Parenthood is filled with conflicting emotions. Sometimes I find that my children are the most magical beings on earth. Other times I find them to be unbearable. There are also times when I just want to run away and never come back. And finally, there is shame that I don't always like my children and that I am not the mother that I am expected to be. I am most ashamed about not feeling the way I am supposed to feel. Motherhood is meant to be the pinnacle experience of our adult lives. We are supposed to shout from the rooftops that our lives are now complete, and that nothing better has happened to us in our lifetimes. Alas, no. We whisper our collective secret to our trusted friends and we nod and hang our heads as if we have committed a crime. We feel so guilty that we reflexively punish ourselves: we blame ourselves when something has gone awry with the children, and we sabotage ourselves when we are seemingly having a good run at it.
Self-sabotage is a bewildering experience. There is a sense that life is happening to me. It is as if I were moving in slow motion, witnessing myself in the third person as I make a poor decision, fully cognizant that it is unwise, and yet somehow unable to stop myself. I can hear myself yelling at my son for hammering holes in the wall when he wanted to hang a picture. Although I knew I could respond better to his failed attempt to beautify his room, I felt powerless to change my own behavior. Thankfully, I have learned that life is not actually happening to us. We choose how we live. Our choices range from the trivial and mundane to the exotic and complicated. We choose how to react or respond to things that happen in our environment. Some of our options may seem ordinary, but they are often fraught with strong emotions, such as when I am unable to keep calm and ignore the unreasonably screaming toddler. Another difficulty with our emotions is that we are confused about what types of decisions are most in sync with our deepest dreams and which are in line with social standards.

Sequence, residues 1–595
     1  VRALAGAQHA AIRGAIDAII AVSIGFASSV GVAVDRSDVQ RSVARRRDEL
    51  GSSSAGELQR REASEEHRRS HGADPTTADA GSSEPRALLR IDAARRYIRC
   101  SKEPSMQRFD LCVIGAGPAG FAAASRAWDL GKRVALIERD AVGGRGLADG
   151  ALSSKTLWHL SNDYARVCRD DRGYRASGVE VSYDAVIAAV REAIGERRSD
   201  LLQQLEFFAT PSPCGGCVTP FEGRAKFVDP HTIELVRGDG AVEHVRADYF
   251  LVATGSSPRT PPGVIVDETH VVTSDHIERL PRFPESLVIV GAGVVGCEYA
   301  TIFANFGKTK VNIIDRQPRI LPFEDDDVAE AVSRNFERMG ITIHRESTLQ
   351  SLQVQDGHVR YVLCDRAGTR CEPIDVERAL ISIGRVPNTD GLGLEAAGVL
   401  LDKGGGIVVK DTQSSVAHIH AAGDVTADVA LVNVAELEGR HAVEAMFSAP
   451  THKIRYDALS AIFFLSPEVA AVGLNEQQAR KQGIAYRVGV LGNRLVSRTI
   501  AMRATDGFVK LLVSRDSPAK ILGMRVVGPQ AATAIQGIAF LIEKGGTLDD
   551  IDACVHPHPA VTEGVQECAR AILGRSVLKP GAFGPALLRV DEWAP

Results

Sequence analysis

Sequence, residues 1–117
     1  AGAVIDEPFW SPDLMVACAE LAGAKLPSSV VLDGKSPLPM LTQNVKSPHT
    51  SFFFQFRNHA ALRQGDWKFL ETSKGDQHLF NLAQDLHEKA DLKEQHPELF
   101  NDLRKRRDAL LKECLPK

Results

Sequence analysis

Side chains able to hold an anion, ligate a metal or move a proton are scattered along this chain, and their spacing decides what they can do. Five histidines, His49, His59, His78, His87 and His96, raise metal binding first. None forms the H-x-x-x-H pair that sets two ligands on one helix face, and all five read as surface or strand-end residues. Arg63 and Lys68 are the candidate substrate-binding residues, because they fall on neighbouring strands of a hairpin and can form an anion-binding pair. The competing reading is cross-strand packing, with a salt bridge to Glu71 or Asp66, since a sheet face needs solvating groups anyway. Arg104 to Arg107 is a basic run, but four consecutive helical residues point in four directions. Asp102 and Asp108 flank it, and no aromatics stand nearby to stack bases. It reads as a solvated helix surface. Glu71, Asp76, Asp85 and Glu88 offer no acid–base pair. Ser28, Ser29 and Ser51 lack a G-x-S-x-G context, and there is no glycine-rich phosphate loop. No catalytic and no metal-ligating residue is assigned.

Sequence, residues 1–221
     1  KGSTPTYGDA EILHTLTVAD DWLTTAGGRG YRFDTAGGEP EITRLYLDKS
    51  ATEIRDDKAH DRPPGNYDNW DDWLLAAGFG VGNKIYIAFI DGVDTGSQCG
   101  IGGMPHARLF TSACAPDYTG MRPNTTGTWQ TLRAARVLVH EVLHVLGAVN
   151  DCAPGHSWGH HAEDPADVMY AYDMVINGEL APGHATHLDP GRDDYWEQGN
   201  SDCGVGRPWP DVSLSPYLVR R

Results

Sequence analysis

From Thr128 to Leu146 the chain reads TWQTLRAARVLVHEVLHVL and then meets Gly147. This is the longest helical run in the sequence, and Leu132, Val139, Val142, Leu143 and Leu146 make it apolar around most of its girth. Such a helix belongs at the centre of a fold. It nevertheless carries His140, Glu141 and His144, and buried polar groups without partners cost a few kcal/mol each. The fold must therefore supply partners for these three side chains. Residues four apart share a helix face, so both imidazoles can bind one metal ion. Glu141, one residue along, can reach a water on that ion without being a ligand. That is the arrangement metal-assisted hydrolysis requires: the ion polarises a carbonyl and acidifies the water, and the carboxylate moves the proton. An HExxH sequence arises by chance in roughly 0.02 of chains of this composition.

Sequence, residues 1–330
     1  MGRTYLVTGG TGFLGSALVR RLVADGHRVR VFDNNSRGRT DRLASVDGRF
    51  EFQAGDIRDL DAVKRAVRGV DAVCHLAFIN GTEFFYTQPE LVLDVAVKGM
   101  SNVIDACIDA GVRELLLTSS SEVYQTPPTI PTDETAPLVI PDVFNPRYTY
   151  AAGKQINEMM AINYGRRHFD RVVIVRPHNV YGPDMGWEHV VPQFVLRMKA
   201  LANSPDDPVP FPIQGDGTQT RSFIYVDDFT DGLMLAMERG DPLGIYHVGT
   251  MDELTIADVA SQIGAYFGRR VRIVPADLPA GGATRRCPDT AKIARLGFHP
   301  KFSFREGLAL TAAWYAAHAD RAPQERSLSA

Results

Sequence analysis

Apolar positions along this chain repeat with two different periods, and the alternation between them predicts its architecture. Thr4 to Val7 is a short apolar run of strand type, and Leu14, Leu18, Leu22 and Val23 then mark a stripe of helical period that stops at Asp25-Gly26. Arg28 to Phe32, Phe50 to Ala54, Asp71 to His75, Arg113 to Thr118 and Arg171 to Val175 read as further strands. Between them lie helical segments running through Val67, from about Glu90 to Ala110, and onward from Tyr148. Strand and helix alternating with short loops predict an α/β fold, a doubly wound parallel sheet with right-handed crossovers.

My own dream is to be the best possible mother that I can be. On the surface, this means appearing with perfectly groomed and impeccably behaved children in public. Deep inside it means to cultivate and multiply the most enjoyable moments I have with my sons. Our dreams are not always obvious to us because we are conditioned to disregard our inner voice. We can learn to seek and recognize our own light, and in so doing, slowly revealing our true selves to us. After peeling off a layer or two of our public selves, it is possible to identify and choose our dream. Fun is my stealth weapon. When I see the pleasure and delight reflected back to me, I trust that I am living my dream right there, in that moment. We hug each other tightly; we roar with laughter; we share unconditional love. What about your dreams? Use fun to choose how your dream should look and feel like. Do you imagine that you have a cheerful laugh constantly gurgling in your throat? Are you so giddy, that it feels like rays of light are tumbling out from inside you?
We can choose more consciously. Find the dream that resonates the most within you, and then purposefully choose that dream. In times of distress, be empowered by the choice to show up as your best self. I can do it by closing my eyes and flashing a picture in my mind of myself having a blast, as if I have already attained my dream. I flood myself with the magnificent feelings of success. My whole body warms up, my fingertips tingle, my heart beats a little faster, and I smile. I smile! So when my little guy refuses to practice piano, I can then hug him, show him his beautiful, musical self, and gently persuade him to practice his instrument. Choose to dream big, especially in the most desperate moments. Keep dreaming bigger.